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Popular Photography: The Immortal Light of Our Age

by Fred First

It is late October. The seasonal cycle governs our lives, indoors and out, as summer and autumn morph into one more winter. In the annual ritual of vertical migration, long sleeves, wool and fleece descend from upstairs; cotton and short sleeves and pants go back up.

Inevitably, too, in this domestic flux to and from the Very Back Room have descended a few warehoused boxes of contents that are stacked around me in odd corners now for two weeks, awaiting their fate too long deferred.

Among this derelict cargo is a crate of old family photos, handed down from the small tribe I belonged to more than a half-century ago. I inherited jurisdiction over this box when my mother, in a similar storage triage in her Birmingham apartment not long ago, found that the time had come to pass down this chaotic jumble of summer vacation and school photos from the 1950s. She could no more bear to toss them out than I can now.

So I’ve been “gifted” with a few hundred ancient photographs, black and whites and sepia-toned 3x5s that show mini-me in all white, reluctantly displaying my Easter basket on a warm, Alabama April morning; me in black and silver under an enormous cowboy hat, proudly sporting my Hop-a-long Cassidy outfit with a wicked pair of six-shooter cap pistols. Many of these earliest images were taken with the family’s first camera, a Kodak Autographic—a leather-covered, foldable-bellows affair, vintage 1914, that sits in a place of honor on my dresser.

The timeline of my life in pictures begins with the dazzling flash of round, hot-frizzled bulbs a few days after my birth. At two years come the massive Olin Mills air-brushed, gilt-framed studio portraits—parental enshrinements of the children of my era—that hung on the formal living room walls of my childhood homes all those years.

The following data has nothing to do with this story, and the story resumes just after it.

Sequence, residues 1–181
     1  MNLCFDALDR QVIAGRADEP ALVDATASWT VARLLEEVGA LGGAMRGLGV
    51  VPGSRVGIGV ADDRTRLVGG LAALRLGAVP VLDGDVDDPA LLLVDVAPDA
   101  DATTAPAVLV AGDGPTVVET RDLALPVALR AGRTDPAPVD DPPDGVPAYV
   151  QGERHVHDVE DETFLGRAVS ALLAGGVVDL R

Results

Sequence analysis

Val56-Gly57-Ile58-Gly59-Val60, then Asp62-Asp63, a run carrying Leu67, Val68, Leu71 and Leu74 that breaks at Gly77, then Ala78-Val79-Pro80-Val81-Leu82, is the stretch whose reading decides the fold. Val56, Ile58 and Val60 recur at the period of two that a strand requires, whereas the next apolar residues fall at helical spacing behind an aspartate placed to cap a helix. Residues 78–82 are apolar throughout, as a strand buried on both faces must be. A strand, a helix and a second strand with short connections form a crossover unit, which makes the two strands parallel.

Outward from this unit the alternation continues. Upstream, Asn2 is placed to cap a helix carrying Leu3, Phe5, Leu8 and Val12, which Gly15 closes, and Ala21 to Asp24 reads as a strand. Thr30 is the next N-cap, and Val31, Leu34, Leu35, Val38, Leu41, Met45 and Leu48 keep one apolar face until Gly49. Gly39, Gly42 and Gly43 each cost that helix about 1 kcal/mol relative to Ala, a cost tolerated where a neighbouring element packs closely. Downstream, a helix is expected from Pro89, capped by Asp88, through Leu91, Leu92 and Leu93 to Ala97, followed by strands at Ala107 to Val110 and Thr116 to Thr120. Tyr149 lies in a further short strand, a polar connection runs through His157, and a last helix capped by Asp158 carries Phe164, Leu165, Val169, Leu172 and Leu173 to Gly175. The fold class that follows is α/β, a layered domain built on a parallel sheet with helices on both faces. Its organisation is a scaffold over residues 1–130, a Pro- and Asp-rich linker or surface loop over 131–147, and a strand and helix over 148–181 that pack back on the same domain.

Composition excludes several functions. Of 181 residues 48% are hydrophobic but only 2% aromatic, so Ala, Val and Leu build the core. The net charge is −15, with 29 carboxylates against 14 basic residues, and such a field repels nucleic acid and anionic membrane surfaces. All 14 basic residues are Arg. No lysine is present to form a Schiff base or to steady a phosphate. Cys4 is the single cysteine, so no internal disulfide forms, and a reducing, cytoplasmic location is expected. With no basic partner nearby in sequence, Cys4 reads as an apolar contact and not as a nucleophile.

And for 15 years thereafter flows a stream of images into this box at my feet, obligatory special-occasion shots of insipid smiles from kindergarten on. But suddenly, after high school, I disappear without a photographic trace—extinct, vanished from time as subject-in-focus. No longer the photographed, I have become the photographer behind the lens.

I have seen the world through the camera now for forty years, and standing back at a distance to acknowledge the place of this medium in my life, I consider myself fortunate to have grown from babe to man in the era of popular photography.

Every one of the tens of thousands of instants that I’ve pressed the shutter has embedded a memory in time and place. The intentional vision of photographic composition has made me see light and shadow, depth and texture, color and pattern that one who is not a photographer—or a painter—would have missed.

Each photographic choice reveals a small rectangle of the world I chose to put in my camera’s frame at the instant I chose to press the shutter. And in each mental image, like the technical details of my digital photo files, is embedded invisible, me-only information about the shot: Who was I with? What did it smell like that day? Where did I go next? What did the air feel like on my skin?

The photographic urge has run deep in humanity since the first cave drawings of early history. The price of personal photography drops, even as the size of the hardware shrinks and the ease of instant “development” becomes elementary. Shirt-pocket cameras have brought the realization of that “share our where” impulse to Everyman.

We are increasingly Homo photographicus. We create and archive our personal and collective stories more and more with pixels of light that record who and where and perhaps why we have been.

And so, in not so many years, when I begin making arrangements for the migration of some few meaningful objects from my past into my children’s present, I’ll not send a cardboard box of faded silver on wrinkled paper.

I imagine a day when, instead of an urn of ashes on their mantel, far more of who I was will be contained in a small, unremarkable hard drive that holds fifty thousand moments of life, stories each, illuminated by the most remarkable, immortal light.

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